He was still young enough to be sitting is a car seat. He probably believes in dragons, and fairies and magic. He is the age where the world should be full of wonders, and fun and, unaware of the work of his parents to make it so, safety.

But the world isn’t safe.
And he knows it.
Already.
He is standing outside the car parked outside the movie theatre. He is excitedly talking about the movie. But then he notices being noticed, being stared at, being singled out. He stops talking, he buries his face in his father’s pant leg. Dad reaches down and picks him up. Mother quickly looks around and spots those who are staring. She looks a them with disgust. They turn away. Unashamed. Uncaring.
 I don’t understand.
Different is just different.
Why the need for cruelty?
And no, it wasn’t ‘noticing’ that happened. Noticing is an involuntary recognition of something or someone. I notice when people are tall, or red headed, or fit. So I of course expect people to notice that I am fat, or bald, or a wheelchair user. But notice turns away without judgement. It registers without evaluating. Noticing eyes don’t linger, don’t attack. Staring is a choice. An active choice. Seeing a little boy with Down Syndrome get out of a car in a movie theatre parking lot is one thing, staring at him is another. It may feed your selfish sense of superiority or pity or gratitude to your God. But it poisons the world for him,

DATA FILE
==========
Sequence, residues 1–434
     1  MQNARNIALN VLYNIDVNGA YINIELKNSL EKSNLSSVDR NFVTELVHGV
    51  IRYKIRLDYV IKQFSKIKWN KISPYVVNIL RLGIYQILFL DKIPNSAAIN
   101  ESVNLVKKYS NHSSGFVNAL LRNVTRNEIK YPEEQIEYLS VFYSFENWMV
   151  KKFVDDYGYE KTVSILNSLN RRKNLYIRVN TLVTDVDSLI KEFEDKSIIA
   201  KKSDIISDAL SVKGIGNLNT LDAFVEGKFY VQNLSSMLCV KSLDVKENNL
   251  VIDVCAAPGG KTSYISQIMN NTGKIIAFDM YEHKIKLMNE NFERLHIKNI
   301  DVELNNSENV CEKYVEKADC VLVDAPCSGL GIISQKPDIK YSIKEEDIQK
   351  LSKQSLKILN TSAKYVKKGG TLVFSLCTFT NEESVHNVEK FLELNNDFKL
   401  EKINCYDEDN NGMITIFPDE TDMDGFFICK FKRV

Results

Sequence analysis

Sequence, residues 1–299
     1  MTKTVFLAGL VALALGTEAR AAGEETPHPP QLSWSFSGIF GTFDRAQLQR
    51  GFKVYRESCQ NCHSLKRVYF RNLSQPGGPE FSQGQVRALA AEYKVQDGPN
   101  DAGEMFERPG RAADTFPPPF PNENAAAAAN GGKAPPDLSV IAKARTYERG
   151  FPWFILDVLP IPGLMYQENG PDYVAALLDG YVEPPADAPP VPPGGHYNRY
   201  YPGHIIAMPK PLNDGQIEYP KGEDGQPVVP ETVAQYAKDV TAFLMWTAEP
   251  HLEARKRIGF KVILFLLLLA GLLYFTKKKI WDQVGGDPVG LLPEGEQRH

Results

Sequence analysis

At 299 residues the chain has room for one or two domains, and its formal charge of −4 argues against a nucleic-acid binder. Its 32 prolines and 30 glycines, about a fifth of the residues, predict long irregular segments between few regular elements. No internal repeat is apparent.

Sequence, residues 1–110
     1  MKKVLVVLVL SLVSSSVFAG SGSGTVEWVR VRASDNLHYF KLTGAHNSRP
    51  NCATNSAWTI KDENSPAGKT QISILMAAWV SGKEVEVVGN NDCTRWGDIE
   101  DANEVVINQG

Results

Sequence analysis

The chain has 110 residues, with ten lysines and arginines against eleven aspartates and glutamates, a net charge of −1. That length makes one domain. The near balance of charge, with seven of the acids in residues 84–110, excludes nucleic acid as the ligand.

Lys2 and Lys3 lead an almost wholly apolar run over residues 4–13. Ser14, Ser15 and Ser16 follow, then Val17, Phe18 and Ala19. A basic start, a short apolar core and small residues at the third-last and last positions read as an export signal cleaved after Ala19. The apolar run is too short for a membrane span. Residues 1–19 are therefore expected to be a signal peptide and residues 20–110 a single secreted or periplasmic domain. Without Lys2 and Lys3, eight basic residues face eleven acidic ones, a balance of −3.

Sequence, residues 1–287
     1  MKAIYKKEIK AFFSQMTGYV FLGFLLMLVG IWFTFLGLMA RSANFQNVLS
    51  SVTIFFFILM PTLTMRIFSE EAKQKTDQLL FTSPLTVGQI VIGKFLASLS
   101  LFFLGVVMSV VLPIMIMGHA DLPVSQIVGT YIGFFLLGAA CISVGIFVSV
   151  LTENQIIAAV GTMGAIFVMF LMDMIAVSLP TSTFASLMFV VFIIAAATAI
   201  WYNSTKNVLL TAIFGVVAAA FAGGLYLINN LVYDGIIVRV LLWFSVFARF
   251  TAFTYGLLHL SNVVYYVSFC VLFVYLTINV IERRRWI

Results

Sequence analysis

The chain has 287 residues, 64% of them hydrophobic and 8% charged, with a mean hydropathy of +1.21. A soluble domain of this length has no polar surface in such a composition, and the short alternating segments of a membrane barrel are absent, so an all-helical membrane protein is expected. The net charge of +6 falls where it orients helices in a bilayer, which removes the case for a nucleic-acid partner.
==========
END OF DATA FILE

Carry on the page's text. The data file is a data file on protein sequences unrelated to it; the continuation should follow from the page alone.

A child who sits in a car seat.
A child who believes in dragons.
A child for whom magic will die too soon.
I push my chair past their car and the little boy notices me. He points, then smiles, then waves. I keep moving but wave back. I smile. I give him a wink. He laughs. His mom looks to me. I don’t think she noticed at that moment anything much about me, but her eyes said ‘thanks.’
They shouldn’t need to.
They shouldn’t need to.
They shouldn’t need to.